As I mentioned above, pregnancy and breastfeeding are not the time for harsh cleanses that restrict calories, cut out multiple food groups, or use powerful herbs to rapidly kill off parasites or fungus. (Then again, I think most people shouldn’t do these things anyway.)
The reason these things are especially dangerous in pregnancy is because they quickly kill off “stuff” which gets dumped into the person’s system. Detox pathways can become overloaded, which means that all that “stuff” ends up circulating in the body, causing more damage, and also getting dumped into the lymphatic system — which goes into breast milk.
Dumping toxins into your baby via the placenta or your milk is not exactly something you want to do!
(Learn more about why this is a bad idea in general HERE.)
Instead, the whole goal of detox — especially during pregnancy and breastfeeding — needs to be two-fold.
#1) Eliminate Sources of Toxic Exposure
Still using toxic makeup or personal care products? Still consuming fast food regularly or have a sugar addiction? It’s time for those habits to go.
There is no benefit to continuing negative habits like these. They are not “protecting” your health or your baby’s health. So, while these changes are not easy — it’s time to make them!
#2) Support Natural Detox Pathways
Help your body to heal itself. Rather than trying to “do” stuff to your body to force healing, just support it through totally natural means, and allow it to do what it wants to do!
Healthy Habits for Detox
Try some or all of these healthy habits to support natural detox! These are safe for all ages, including pregnancy and breastfeeding.
Stay properly hydrated to help things move through! A lot of women get busy and just forget to drink water. Or, they focus on drinking coffee or tea or other things that are diuretics, which make hydration worse in the long run. Keep a water bottle with you, and add mint leaves, lemon slices, or other fruit for a little flavor. Don’t force yourself to drink too much, but drink when you are thirsty. If you don’t have to pee at least 5 – 6 times a day…you may not be drinking enough!
If you are very thirsty despite drinking plenty of water, it may be an electrolyte balance issue. This is especially true if you suspect adrenal fatigue. In that case, try some of this homemade electrolyte drink in place of plain water.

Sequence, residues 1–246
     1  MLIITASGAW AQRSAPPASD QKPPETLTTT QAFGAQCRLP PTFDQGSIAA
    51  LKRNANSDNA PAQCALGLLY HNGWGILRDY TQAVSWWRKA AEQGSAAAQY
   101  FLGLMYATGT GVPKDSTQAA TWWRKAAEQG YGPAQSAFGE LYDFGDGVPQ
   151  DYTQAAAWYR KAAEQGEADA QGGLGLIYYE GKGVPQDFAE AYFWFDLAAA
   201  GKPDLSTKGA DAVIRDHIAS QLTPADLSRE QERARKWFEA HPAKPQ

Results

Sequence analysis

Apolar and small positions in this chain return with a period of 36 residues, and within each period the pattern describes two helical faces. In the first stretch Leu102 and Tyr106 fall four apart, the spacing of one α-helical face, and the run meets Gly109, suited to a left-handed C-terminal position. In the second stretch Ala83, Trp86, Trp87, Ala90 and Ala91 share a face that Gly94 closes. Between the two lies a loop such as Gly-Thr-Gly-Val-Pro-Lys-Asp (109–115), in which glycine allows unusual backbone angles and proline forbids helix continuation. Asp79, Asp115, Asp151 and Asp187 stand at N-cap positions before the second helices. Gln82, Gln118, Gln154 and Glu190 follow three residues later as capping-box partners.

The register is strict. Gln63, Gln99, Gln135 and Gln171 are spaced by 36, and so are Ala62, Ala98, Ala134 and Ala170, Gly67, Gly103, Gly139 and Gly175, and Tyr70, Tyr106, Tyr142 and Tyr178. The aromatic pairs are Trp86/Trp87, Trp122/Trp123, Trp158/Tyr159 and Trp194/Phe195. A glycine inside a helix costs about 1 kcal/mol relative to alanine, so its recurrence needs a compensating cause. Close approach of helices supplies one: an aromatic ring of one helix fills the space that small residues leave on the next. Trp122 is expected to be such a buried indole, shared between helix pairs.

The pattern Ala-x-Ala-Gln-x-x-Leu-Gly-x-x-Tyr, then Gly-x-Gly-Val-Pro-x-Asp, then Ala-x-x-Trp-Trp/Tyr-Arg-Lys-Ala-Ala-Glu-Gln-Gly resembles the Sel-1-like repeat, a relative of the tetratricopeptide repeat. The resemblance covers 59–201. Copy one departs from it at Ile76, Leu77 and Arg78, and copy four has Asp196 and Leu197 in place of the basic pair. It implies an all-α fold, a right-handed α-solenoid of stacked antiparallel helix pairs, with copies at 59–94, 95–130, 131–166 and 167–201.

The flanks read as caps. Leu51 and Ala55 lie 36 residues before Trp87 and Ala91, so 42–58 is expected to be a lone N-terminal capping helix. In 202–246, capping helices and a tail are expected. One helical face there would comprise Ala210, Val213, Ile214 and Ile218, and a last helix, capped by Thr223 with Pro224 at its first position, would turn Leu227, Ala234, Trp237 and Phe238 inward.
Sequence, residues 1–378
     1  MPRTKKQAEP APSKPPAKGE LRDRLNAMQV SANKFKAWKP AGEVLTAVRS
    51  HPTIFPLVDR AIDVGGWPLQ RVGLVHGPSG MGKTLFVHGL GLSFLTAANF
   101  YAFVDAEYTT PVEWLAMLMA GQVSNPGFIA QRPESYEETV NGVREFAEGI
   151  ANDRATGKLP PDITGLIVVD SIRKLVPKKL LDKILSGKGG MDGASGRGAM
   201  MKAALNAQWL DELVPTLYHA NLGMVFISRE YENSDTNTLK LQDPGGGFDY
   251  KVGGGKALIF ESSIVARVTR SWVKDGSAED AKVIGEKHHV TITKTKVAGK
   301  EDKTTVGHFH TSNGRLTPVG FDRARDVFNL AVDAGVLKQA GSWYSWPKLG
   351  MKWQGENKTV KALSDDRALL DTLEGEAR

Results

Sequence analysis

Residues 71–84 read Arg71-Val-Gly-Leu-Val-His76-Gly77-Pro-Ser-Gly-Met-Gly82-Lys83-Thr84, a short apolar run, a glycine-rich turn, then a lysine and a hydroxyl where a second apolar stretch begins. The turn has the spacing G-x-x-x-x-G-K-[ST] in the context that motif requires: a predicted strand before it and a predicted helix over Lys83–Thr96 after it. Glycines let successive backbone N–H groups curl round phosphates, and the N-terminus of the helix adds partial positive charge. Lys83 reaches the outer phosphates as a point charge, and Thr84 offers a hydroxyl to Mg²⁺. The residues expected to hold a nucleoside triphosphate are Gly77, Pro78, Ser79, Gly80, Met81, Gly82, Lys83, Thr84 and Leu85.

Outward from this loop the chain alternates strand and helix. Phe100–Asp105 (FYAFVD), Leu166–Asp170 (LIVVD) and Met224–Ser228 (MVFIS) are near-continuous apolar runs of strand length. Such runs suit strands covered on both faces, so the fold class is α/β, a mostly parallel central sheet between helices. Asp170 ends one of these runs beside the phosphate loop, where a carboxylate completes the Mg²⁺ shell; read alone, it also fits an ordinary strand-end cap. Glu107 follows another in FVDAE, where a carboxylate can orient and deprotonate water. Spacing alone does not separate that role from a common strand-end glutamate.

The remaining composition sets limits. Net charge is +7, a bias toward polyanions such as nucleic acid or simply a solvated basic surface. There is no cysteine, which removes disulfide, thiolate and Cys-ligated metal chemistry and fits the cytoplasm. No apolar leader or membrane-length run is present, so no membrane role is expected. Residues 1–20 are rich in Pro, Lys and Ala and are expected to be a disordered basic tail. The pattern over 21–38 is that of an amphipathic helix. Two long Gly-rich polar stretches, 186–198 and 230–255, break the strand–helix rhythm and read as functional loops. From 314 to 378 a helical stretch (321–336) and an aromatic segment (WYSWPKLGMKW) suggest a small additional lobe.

When you get moving, it helps with several things. Muscles squeeze and move lymph fluid through your system, so that it can be eliminated. That’s probably the most important reason. Plus, it gives most people more energy and stretches muscles so they’re less sore. If you notice mild, general soreness around your hips and thighs, it’s a sign you’re probably not getting enough exercise.
Aim for a 10 – 15 minute brisk walk every day. Do more if it feels right to you. “Natural” exercise, like playing sports or just being generally active, will be more effective in the long run than gym routines, because routines tend to exercise the same muscle groups, and you need to get your whole body active.
Eat More Fruits and Veggies
Fruits and veggies are sources of natural vitamins and minerals. They also a source of natural water for hydration. Not to mention fiber, to help things move through more effectively! Increasing consumption of a variety of fruits and vegetables is a good idea. Preferably, choose organic or at least versions with low-spray so that you are not consuming more pesticides!
Avoid overly sweet fruits if you are concerned about yeast issues, and don’t do juices (especially sweet juices). Although natural sugar is certainly better than refined sugar, too much can be hard on your body.